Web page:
Victorian London - Publications - Humorous - Lights and Shadows of London Life [by James Payn], 1867 - Pt.II -  Chapter 4 - Dividends and a Tournament

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ONE of the worst features of the otherwise noble profession of Literature is, that it is apt to lead one into indifferent company. A man may, indeed, be a very painstaking theological writer without falling into this temptation, and there are other positions in the literary army - in "the siege-train which carries the learned quotations," for instance - where there is nothing of the kind to fear; but the light horsemen, the Home Correspondents, whose mission it is to hang on the skirts of the world as it moves on, and report its progress, must needs be exceeding circumspect. A barrister may sit in his rooms at Lincoln's Inn from morn to eve, and nothing worse than an attorney may [-258-] ever disturb him; and, indeed, I have known barristers without even that interruption; but We, the butterflies of the press, are always being enticed from our studious retirement by some flaunting flower. Gentle reader, I pray thee do not misunderstand me. I should rather say, perhaps, that some gorgeous Ephemeral in the shape of a gentleman with nothing to do, is always "looking us up," as he calls it, and begging us to come with him to this, that, and the other entertainment of a more or less frivolous kind. We are not supposed to need time for reflection or preparation; it is held that we do no work; or that when we work, we only play, like the fountains in the garden of the Palace of Crystal. Our jets of wit and humour are thought to burst spontaneously forth, after the manner of a Michigan oil-well. This is not quite the case, upon my honour. Hair torn out by the handful, ends of finger-nails, pens chewed spasmodically down to their quills - such rather are the dreadful tokens which but too often herald the advent of a jeu-d'esprit. The throes [-259-] having subsided, we assume a calm demeanour, and refit; nobody knows what we have suffered; and the world, who appreciates the really elegant little thing in its perfect and published state, remarks: "What a particularly easy and agreeable style has Jones! One cannot imagine how he contrives, not being an electric battery, to throw off such unceasing scintillations."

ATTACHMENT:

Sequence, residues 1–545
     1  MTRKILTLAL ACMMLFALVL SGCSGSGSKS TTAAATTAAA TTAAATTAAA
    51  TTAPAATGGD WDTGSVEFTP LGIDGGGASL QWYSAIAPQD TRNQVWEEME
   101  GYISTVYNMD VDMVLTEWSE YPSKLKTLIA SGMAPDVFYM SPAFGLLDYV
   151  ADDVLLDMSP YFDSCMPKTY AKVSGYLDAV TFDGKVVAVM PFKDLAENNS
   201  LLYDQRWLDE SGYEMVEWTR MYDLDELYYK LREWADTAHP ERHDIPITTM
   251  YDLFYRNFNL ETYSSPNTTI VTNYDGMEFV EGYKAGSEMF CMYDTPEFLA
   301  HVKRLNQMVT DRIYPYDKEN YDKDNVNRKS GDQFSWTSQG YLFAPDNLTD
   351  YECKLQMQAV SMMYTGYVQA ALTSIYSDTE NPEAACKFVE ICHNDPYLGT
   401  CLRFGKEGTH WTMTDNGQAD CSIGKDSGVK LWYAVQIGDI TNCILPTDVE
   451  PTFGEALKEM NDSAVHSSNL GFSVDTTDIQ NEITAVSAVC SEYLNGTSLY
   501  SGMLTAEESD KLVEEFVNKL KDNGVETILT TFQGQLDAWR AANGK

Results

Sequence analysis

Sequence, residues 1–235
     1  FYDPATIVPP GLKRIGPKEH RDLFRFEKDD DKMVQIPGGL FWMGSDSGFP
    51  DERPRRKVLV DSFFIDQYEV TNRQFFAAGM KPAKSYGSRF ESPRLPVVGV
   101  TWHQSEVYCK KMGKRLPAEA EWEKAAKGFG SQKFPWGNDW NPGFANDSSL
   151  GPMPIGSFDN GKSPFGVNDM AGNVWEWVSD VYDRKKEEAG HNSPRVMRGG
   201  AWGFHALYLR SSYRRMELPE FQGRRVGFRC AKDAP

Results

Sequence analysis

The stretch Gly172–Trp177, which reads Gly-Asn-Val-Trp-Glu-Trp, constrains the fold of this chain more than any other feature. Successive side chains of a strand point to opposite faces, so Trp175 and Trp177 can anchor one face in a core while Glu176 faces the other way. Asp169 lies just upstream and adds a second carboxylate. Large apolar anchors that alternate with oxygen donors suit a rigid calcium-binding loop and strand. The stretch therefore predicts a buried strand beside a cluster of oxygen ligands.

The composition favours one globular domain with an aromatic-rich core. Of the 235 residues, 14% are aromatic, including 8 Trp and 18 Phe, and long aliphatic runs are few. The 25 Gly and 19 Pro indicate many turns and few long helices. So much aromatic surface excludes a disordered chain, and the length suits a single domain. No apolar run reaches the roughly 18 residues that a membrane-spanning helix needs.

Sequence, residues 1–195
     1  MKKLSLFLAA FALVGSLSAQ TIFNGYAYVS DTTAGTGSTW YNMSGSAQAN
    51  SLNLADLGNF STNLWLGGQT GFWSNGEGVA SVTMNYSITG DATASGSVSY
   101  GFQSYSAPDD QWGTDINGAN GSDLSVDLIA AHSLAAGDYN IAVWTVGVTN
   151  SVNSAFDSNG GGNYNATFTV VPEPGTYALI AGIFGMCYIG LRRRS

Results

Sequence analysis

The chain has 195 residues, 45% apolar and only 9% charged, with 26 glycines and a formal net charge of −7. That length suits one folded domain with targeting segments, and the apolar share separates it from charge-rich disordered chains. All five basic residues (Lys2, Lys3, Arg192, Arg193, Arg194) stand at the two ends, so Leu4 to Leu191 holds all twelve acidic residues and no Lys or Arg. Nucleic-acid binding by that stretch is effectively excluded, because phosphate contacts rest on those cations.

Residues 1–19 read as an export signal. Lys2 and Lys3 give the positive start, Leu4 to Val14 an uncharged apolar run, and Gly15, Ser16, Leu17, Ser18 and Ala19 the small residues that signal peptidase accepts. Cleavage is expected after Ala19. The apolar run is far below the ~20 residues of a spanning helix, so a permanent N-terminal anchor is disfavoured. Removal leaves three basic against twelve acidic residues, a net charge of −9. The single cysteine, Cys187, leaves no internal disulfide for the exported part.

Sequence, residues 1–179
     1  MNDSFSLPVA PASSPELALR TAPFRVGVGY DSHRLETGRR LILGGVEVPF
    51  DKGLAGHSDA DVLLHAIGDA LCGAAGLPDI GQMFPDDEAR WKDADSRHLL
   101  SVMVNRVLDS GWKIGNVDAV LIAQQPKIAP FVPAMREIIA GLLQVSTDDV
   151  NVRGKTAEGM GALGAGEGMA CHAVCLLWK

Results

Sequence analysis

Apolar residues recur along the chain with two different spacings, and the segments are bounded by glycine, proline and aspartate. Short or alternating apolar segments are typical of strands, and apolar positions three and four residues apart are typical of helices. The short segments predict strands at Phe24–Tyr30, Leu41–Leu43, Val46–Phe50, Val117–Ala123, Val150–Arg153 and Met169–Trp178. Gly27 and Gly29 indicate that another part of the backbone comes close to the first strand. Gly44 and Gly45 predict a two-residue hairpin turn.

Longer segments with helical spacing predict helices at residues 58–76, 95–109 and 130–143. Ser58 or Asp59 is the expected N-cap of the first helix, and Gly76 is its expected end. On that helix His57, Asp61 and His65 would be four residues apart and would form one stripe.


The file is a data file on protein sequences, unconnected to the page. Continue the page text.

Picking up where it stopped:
Being interrupted in the secret practice of our profession, then, is inconvenient enough, yet we are constantly subject to such intrusion; and what is worse, the unwelcome visitor is, as I have said, almost always bent not only upon making us idle, but on leading us into dissipation. The habits of this Home Correspondent are naturally what would be called morbidly domestic. Give him his Hooker (by which I mean his favourite divine of that name) and a bottle of lemonade or ginger-beer, if the weather is oppressive, and he demands no other pleasures. Conceive an individual of this mental disposition being importuned by a mercurial friend (in a white hat) to accom-[-260-]pany him to Cremorne Gardens to see the Tournament! Of course, this man was Mr. Richard Sergeant, already known to the intelligent (and retentive) reader, as having persuaded the H. C. to welcome his Princess to this metropolis from the summit of a flight of movable steps. No person who had not combined the advantage of being educated as a lawyer, and of following the life of a man of pleasure, would have ventured upon such a (words have scarcely sufficient force to express my meaning)-such an offensive anomaly; nobody, I say, who did not possess a gigantic effrontery would have made such a proposition to me. My answer was dignified and decided.
    "Libertine," observed I calmly, ringing the bell for the servant to show him the door, "avaunt !" But the servant, who is used to the habits of this dreadful man, and misunderstood my summons, brought up a pint bottle of Bass's pale ale and an anchovy biscuit; so he sat down, and lunched.
    "Now, why won't you come to the Tournament, [-261-] you charming old humbug?" reiterated this intruder, made more audacious by refreshment.
    "Sir," observed I haughtily, "I am not aware that you have any right to ask me my reasons."
    "No right at all, my amiable friend; on the contrary, I consider it quite a privilege. Now, come, confess, are your scruples moral or pecuniary? If it's the expense, why I've got a free ticket; here it is - a beautiful thing bound in green, with the royal arms in gold at the back of it - which will admit us both."
    "Dear me," replied I, "let me look at it. So you are on the free list at Cremorne, are you? What entertainment do you give in return? You are too stout for the tight-rope, too small for the Giant - why, my dear Dick, you must be the Dogs and Monkeys."
    "I dare say you think that very funny," remarked my companion as though he didn't at all agree with me, if I did; for, as is not unusual with persons addicted to lively sallies against [-262-] their friends, Dick always receives any approach to repartee with considerable gloom.
    "I really beg your pardon," said I.
    "Oh, I am not annoyed, sir; nothing puts me out, I assure you; and certainly not witless buffoonery."
    "That's a good fellow," said I; "and besides, I was mistaken; I know now why you get your admission free."
    "Well, why ?" inquired Dick, with the colour of his intelligent countenance a little heightened.
    "Oh, it's of no consequence," replied I; "you must know yourself, so what's the good of my telling you? I am thankful for your obliging offer; but if I did go to Cremorne at all, I'd rather pay at the doors."